Few genres require more leaps of faith for a listener than progressive rock. For indie rock, listeners may get disjointed guitar riffs mixed with loud, brass horns. For electronica, listeners may hear the sounds of common kitchen appliances set to a standard dance beat. But in the case of a progressive band like Opeth, you’re bound to either listen with a sense of awe or bust a gut laughing at the utter absurdity of their ambitions.
You’ll know what camp you fit in by the second song in Watershed. The album opens with the dramatic “Coil,” which features a vocal performance more suited for a musical than a rock album by Nathalie Lorichs. Even though the band has been together since 1990, it’s hard not to draw comparisons to the theatrics of Evanescence.
That comparison all but disappears with the lumbering intro of “Heir Apparent.” Mikael Ǻkerfeldt’s ominous, and yes, Cookie Monster-like death metal roar decimates the subtlety of the opening track. If death metal is not your forte, be prepared because that song is one of five songs that approach or surpass nine minutes. And just as you’re getting accustomed to the schizophrenic shift from more ‘70s-era, traditional progressive rock to all out death metal “rawk,” a quiet, disarming flute solo comes in.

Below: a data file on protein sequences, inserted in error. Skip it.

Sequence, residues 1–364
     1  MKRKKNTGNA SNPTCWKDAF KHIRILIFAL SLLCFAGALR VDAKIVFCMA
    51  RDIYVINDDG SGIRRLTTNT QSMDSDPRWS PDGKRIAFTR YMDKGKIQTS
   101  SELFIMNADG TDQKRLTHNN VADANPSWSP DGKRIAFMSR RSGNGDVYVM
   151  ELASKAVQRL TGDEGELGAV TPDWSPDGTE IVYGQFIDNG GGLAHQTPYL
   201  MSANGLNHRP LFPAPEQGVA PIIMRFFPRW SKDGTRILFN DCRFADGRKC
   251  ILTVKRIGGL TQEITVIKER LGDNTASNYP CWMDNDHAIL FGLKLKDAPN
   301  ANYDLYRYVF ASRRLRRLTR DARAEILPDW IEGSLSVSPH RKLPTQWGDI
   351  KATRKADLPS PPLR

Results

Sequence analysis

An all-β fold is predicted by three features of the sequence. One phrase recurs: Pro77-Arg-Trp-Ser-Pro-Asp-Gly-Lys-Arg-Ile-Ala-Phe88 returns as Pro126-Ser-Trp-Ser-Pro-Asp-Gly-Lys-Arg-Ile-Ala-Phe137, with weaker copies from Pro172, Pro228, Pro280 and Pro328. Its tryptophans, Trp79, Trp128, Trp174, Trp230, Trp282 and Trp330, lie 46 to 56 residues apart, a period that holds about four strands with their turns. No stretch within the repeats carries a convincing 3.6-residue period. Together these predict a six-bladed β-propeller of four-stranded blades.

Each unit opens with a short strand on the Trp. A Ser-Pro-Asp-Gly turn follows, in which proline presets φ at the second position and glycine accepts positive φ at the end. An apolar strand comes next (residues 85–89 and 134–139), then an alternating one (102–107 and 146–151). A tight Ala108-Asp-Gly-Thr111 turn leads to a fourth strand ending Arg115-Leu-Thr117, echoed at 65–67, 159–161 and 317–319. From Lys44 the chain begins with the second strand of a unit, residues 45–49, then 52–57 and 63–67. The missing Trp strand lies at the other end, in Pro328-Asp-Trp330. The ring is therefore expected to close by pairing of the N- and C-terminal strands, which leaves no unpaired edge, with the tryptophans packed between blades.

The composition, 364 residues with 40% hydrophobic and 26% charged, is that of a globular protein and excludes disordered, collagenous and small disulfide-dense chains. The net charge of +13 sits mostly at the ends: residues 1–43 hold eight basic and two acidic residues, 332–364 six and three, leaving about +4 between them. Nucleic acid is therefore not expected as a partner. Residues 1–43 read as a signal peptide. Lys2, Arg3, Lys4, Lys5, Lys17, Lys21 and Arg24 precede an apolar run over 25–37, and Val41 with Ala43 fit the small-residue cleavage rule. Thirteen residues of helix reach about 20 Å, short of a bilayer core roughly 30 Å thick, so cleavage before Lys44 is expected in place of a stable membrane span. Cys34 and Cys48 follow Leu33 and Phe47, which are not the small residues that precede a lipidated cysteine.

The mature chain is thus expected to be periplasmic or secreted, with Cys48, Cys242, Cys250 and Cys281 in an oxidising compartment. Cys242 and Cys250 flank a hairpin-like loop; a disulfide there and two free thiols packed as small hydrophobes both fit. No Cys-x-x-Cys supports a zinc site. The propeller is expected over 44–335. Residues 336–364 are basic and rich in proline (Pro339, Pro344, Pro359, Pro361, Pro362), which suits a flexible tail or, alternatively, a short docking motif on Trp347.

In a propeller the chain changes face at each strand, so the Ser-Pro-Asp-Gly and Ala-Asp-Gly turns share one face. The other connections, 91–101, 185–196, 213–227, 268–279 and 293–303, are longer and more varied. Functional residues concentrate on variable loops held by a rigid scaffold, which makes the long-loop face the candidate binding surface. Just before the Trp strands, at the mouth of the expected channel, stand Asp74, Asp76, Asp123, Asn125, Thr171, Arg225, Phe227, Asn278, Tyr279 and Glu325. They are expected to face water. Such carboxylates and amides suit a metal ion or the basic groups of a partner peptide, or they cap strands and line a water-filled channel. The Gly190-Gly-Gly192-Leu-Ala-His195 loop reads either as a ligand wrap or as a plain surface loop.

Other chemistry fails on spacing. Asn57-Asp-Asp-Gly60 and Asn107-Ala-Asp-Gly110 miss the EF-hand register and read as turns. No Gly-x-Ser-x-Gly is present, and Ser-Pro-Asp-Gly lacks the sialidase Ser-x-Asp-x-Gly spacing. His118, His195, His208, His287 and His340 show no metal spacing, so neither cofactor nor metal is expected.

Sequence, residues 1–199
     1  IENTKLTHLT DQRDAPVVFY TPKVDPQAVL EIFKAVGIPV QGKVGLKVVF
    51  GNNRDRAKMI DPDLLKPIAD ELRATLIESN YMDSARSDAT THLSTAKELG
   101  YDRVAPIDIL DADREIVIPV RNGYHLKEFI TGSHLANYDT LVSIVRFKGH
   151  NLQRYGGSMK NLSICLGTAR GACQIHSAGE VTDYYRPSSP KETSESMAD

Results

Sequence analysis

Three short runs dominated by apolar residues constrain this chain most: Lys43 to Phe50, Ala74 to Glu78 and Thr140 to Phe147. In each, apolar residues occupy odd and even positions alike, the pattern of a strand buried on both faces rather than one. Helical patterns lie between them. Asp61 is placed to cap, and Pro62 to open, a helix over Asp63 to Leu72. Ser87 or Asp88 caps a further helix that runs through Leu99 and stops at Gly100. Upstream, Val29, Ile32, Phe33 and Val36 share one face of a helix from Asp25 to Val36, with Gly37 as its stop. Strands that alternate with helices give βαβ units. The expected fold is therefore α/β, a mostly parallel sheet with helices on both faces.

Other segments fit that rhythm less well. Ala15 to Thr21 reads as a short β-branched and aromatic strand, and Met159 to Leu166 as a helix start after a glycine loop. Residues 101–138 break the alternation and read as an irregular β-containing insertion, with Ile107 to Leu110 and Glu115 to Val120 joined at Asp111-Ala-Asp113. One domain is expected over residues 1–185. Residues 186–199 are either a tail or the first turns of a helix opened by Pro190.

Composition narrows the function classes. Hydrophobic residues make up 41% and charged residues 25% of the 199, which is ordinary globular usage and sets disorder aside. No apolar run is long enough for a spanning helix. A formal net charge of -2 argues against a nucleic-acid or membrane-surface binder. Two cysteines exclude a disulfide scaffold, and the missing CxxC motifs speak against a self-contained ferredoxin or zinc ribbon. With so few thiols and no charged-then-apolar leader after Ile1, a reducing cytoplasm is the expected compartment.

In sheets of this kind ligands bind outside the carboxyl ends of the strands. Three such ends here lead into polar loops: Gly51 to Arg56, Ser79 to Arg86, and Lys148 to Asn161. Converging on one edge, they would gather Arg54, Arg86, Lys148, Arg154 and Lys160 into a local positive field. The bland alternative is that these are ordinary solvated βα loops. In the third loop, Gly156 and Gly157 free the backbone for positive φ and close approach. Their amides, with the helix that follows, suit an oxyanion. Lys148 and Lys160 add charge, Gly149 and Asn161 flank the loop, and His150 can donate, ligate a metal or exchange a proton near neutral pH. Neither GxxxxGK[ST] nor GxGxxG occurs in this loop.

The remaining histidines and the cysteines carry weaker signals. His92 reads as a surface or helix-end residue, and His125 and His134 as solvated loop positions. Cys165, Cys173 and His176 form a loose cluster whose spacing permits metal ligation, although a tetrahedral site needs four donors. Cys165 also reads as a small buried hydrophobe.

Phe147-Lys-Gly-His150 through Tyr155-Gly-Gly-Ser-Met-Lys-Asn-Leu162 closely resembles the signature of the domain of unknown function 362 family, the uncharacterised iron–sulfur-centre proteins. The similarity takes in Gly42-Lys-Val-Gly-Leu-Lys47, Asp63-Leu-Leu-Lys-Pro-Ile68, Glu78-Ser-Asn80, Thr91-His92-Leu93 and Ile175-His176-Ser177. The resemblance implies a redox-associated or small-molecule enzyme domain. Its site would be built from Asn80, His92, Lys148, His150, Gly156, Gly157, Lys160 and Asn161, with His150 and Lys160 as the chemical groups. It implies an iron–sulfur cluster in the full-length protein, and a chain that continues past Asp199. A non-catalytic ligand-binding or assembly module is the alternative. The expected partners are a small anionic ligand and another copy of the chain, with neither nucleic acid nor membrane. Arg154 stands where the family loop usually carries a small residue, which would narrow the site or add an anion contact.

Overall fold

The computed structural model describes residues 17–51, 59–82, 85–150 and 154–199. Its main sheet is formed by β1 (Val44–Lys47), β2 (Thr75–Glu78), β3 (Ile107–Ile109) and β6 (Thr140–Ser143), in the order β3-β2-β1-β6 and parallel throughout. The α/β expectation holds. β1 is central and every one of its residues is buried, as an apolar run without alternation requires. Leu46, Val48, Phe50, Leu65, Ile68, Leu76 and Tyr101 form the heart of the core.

If there’s anything that can hold a mix containing pulverizing guitar hooks and oboe, flute and French horn, it’s percussion. Matrin Axenrot’s drumming somehow manages to hold everything together. His work on “Porcelain Heart” and “The Lotus Eater” is something to marvel at, even if you think Opeth’s music is the soundtrack of late night World Of Warcraft marathons and three-hour Penta sessions at Perkins.
Aside from a few memorable guitar riffs from Fredrik Ǻkesson and Ǻkerfeldt, Watershed is proudly inaccessible. It’s also hilarious. When you lay your passion and influences this bare for listeners, you’re bound to get some unintentional laughs. The end result is a listen that will stick with you, whether you like it or not.